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The Theistic Meaning of Morality

An exciting feature of the Contending Modernities project is the way it links the academic with the deeply practical.  In east London, the project has enabled us to develop new resources for Muslim engagement in public life — something I blogged about back in August. And we are currently conducting wider research on the way faiths work together to discern and promote the common good.  It is also helping us to look at some apparently very abstract issues — including the relationship between morality and metaphysics — and show their relevance to the debates around faith in public life.

Moral Realities as a Window to Divine Reality

This month sees the launch of my new book From Morality to Metaphysics: The Theistic Implications of Our Ethical Commitments.  After outlining its argument, I want to explain its relevance to these wider debates.

The book begins with a defence of moral realism — i.e. that there is a “truth of the matter” about morality, which our individual moral convictions are trying to get right. This is a claim strongly supported by many secular philosophers, including “New Atheists” such as Sam Harris — philosophers who, by the way, are very keen to keep religion out of public life.

Secondly, it argues that secular worldviews cannot account for our capacity for moral knowledge. If humans have moral knowledge, it means we have a capacity for getting right things that are not matters of scientific experiment and reasoning alone. On a secular worldview, it is impossible to explain why humans have any capacity (however fallible) for moral knowledge.

The third claim of this book is that theism is uniquely able to explain our capacity for moral knowledge. For it is only theism that can explain why human beings are capable of (fallible) moral knowledge. Theism explains why all of us, theist and atheist alike, are capable of making moral assertions with good reason.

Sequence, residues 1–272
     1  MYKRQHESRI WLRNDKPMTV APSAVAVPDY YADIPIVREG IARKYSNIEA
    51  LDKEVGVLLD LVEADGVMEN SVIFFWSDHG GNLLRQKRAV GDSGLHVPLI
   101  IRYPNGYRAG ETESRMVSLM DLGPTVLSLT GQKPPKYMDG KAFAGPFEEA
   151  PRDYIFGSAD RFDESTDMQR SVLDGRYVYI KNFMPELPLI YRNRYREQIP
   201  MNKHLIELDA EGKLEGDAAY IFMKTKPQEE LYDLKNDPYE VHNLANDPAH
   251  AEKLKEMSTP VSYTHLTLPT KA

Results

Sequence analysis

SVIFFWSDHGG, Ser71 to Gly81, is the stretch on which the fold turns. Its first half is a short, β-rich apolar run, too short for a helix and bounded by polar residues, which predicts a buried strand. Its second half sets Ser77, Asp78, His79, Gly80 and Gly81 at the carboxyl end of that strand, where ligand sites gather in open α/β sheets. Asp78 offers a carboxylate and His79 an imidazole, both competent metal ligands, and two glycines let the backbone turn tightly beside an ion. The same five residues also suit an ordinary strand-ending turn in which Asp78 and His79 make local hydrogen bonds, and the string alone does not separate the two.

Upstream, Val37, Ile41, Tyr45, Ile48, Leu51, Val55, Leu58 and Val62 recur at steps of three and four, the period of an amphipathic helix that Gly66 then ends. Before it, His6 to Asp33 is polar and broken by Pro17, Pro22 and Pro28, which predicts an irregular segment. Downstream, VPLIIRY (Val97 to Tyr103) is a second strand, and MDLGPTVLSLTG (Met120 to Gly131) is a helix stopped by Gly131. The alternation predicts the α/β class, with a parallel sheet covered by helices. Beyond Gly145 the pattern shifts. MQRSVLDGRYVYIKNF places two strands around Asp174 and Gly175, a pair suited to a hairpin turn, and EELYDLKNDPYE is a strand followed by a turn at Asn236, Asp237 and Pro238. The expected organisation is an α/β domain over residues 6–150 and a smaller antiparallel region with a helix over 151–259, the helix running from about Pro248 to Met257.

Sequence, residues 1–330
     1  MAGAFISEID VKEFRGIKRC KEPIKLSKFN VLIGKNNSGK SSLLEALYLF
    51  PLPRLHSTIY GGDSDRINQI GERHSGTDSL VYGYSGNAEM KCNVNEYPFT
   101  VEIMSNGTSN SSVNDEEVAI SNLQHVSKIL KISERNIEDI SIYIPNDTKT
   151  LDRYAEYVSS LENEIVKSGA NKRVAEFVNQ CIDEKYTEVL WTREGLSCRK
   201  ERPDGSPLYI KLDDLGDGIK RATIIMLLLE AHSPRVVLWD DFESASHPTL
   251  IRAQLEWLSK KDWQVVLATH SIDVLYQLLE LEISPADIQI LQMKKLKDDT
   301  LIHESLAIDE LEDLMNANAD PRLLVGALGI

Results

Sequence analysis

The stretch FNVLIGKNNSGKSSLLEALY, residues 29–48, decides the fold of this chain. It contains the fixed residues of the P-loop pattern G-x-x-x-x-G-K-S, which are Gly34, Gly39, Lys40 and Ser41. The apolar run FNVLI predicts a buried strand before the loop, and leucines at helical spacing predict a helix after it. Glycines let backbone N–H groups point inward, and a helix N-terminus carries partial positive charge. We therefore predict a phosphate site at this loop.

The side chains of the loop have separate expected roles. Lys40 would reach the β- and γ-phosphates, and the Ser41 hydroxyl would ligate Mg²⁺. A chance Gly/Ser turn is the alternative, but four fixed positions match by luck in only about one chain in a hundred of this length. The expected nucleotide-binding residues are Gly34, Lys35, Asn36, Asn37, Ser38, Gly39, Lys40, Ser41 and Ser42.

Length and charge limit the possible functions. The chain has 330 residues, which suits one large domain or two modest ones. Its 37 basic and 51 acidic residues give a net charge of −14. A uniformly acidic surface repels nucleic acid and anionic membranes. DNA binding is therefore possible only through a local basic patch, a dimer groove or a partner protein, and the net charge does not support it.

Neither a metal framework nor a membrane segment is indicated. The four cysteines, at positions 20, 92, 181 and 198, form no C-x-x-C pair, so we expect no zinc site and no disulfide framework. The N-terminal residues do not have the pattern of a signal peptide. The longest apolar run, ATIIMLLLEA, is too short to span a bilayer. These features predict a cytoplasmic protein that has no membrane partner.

Religion’s Crucial Place in Public Moral Debate

The Contending Modernities project has enabled me to make the connections between this apparently abstract argument and current debates about the rightful role of faith in public life.

In an extended essay for Theos, the public theology think tank, to be launched in December, I will identify three main motivations for keeping religion out of public life.  Its critics claim religion is divisive (as not everyone shares the assumptions from which religious arguments proceed), reactionary (religion is supposed to be the last repository of prejudices the wider society has left behind) and irrational (religion is said to involve a ‘leap of faith’ unjustified by reasoned argument).

Other research going on for Contending Modernities in east London suggests that, far from being divisive and reactionary, religious groups are capable of coming together to be a force for social justice.  This evidence of the practical utility of religion is necessary, but not sufficient, in making the case for its place in the public square. It is not enough to show that religious reasons are useful in inspiring social action and engagement with neighbours.

What remains at issue is why people should take them seriously as reasons as well as motivations.

That is where philosophical arguments become important. They are needed if we are move to the debate about religion and public life beyond a simple dispute about whether or not “faith” is useful social glue. My report for Theos draws on the argument presented in From Morality to Metaphysics to make the case that the truth-claims of religion — as well as its social utility — deserve more serious attention than they often receive.

Angus Ritchie
Canon Dr. Angus Ritchie is an Anglican priest. For over twenty years, he has served in parishes in East London involved in community organizing, playing a leading role in campaigns for the Living Wage, affordable housing, and a cap on interest rates. He is the founding director of the Centre for Theology and Community. His latest book, Inclusive Populism: Creating Citizens in the Global Age was published by the University of Notre Dame Press in 2019, and was recently discussed by Pope Francis at a conference of Catholics involved in community organizing.

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